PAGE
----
Most of us are in the human realm, where we live somewhere in between complete despair and incredible joy. There will be good times and bad. We will see our parents get old and die, but be fortunate enough to see our own children grow and mature.
Once we look past the surface, we see that these realms of existence are a fairly accurate description of the range of conditions people find themselves in. Samsara then, is a reasonable observation of the human condition.
Re-incarnation as a great equalizer
One of the core ideas of re-incarnation is that it applies to everyone. Until you reach enlightenment, you are stuck in the cycle of birth and rebirth forever.
Because you don’t have “memory” of your previous existences, you must assume that you have been both in the upper realm of existences (gods) and the lower realms of existence (hell-beings).
You must also understand that if this is true for you, it must be true for everyone else.
The correct outlook then, is not to see a homeless person and go “oh you must have done something in your past life to deserve this suffering,” it is “In a past life I may suffered like this homeless person and in a future life I may do so, so I must treat him with compassion and without judgment.”
We balance our idea that there is a sense of karmic justice and “just desserts” with the humble understanding that we too can end up like those we disdain.
Re-incarnation as an incentive structure
This point is fairly obvious, but by believing in Samsara, you have an incentive to do good in the world, to build positive Karma so you can move up in the realm of existence.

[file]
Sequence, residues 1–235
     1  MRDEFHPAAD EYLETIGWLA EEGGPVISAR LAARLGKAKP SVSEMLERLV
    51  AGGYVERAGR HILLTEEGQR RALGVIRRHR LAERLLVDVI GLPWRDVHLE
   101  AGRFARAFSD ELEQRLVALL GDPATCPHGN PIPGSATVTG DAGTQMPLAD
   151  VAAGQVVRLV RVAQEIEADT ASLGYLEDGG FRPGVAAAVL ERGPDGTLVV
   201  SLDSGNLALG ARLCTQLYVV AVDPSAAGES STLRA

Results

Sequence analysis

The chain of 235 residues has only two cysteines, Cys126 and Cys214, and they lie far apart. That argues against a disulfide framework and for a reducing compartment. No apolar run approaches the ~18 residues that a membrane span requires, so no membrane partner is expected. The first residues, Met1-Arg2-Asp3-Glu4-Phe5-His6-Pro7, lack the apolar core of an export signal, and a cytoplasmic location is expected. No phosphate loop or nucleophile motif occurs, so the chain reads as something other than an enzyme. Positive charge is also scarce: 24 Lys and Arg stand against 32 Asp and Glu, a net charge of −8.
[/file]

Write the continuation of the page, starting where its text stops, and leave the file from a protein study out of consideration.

Instead of adopting the mindset of, “Well I don’t see any immediate benefit to doing good, so I’m not going to do it,” you think, “Well, I should do good even if I don’t see the immediate benefit because it will increase of my odds of moving up to the realm of the gods.”
There are a lot of things worth doing that don’t provide immediate benefits, so having some sort of cosmic sense of reward and punishment is helpful to actually to get us to do those things now.
However, the goal of Buddhism is not to move up into the god realm and stay there forever. The goal is to attain enlightenment and escape the cycle of birth and re-birth.
If you are stuck in a mundane day job, think of doing the same thing you are doing now for the rest of your life.
It’s a very unpleasant thought, but at least death will cure you of your boring job.
Now think of going through an endless cycle birth and re-birth, of which some lives will be good, and other lives will be terrible. You will do this forever. It’s like a metaphysical rat race.
The threat of being “stuck” in this cycle forever provides incentive to understand the Four Noble Truths and follow the Eight-Fold path to cure our ignorance, develop penetrating insight into the reality of things, and attain nirvana.
If you’re able to turn off your (overly sensitive) BS-detector and really think about the concept of Samsara, you’ll find that it’s jam-packed with insights and advice on how to live.
I don’t think you have to “believe” in re-incarnation, but I do think we’d all benefit from acting as if we believed in it.